In the next few weeks I will be introducing Amazon Echo into my Computer Science classroom. I think the potential for this product could really invigorate the classroom. However, I think it is clear that some ground rules will have to be set for students, and naturally some settings will need tweaking, online ordering and payments for example. The last thing I want to do, is arrive home to 500 boxes of dog food courtesy of my students playful nature, for the record, I don’t have a dog 😉.
For those who do not know, Amazon’s Echo suite of products are voice-controlled search devices that utilise Amazon’s Alexa. A Wi-Fi enabled Alexa allow the use of various apps and features via your voice, a simple prompt of Alexa, prompts the device to listen for an audible query from a user. Naturally, this is where you will need to set a few ground rules in the classroom and set expectations for use of Alexa. Perhaps this could also be used a reward mechanism for active questioning and answering sessions which take place during every lesson.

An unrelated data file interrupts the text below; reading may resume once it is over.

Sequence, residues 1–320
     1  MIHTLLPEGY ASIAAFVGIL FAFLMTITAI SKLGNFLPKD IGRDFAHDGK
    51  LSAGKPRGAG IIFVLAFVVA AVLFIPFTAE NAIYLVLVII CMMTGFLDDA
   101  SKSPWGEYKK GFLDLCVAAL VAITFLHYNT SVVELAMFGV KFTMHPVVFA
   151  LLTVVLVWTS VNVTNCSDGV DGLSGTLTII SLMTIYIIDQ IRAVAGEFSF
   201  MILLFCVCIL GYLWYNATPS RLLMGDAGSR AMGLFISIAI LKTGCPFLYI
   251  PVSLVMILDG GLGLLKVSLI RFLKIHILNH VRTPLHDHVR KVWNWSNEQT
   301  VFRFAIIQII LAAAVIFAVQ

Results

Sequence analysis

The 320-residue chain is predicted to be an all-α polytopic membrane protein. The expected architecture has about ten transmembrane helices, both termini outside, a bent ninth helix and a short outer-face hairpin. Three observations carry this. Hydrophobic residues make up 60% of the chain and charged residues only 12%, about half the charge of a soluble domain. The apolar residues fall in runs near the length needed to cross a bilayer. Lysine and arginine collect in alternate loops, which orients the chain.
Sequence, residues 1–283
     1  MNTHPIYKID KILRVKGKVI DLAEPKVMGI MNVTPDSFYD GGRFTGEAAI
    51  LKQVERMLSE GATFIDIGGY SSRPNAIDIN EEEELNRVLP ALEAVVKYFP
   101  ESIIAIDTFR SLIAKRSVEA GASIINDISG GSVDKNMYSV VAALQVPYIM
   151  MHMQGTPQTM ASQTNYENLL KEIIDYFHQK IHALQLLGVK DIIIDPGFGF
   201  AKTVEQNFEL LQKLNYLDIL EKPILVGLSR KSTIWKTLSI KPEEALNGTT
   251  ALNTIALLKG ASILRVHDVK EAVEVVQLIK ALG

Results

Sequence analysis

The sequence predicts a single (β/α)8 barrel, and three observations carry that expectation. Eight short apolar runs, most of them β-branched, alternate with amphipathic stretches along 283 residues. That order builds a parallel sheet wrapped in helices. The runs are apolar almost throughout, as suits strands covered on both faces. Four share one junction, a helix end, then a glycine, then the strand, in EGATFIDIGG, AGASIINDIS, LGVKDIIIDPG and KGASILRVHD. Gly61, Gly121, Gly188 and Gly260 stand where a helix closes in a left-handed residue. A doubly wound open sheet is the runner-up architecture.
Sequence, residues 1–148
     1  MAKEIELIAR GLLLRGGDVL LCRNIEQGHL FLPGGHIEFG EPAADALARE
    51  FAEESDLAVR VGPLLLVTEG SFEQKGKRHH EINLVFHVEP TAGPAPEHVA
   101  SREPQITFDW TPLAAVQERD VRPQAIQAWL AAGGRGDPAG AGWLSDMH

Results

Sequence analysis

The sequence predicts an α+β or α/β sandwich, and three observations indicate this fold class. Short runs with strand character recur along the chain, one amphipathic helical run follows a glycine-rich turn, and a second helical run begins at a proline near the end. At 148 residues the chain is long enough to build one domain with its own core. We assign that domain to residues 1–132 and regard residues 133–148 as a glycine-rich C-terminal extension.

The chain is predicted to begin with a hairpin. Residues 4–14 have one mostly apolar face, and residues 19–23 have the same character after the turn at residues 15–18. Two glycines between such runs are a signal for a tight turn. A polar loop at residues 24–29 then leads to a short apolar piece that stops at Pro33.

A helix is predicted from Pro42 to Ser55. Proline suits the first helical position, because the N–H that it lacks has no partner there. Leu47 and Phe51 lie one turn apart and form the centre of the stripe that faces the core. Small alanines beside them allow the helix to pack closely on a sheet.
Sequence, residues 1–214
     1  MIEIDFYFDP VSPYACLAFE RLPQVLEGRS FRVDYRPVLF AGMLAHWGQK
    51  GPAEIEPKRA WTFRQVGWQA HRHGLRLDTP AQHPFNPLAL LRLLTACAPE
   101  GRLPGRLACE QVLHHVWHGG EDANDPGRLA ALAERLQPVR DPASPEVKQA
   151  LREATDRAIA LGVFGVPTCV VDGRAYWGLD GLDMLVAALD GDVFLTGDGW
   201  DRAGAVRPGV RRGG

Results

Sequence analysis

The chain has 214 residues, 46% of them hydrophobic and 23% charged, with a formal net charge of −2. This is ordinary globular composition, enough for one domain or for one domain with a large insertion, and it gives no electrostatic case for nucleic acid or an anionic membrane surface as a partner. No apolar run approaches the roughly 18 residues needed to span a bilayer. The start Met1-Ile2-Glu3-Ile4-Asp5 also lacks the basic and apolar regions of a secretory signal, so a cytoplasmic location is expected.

I currently teach AQA’s Programming technical baccalaureate which requires students to develop mobile applications for cross platforms along with professional database solutions using the .Net framework. Therefore, I think the potential for Alexa in the classroom could be quite considerable for students. However, with that said, it doesn’t mean that Alexa is primarily for higher level computer science, far from it. I potentially see this being utilised for setting meetings, homework reminders, fetching student data or getting an agenda for the day and of course those subject related definitions simply via a voice prompt. I will be feeding back on basic commands and developmental tools over the weeks ahead.
I now use Alexa in the classroom, and have discovered a simple (very little coding required) development tool called Storyline. Anyone with access to the internet and with a bit of patience could make skills for Amazon’s Alexa. Click here to read an article about Storyline.
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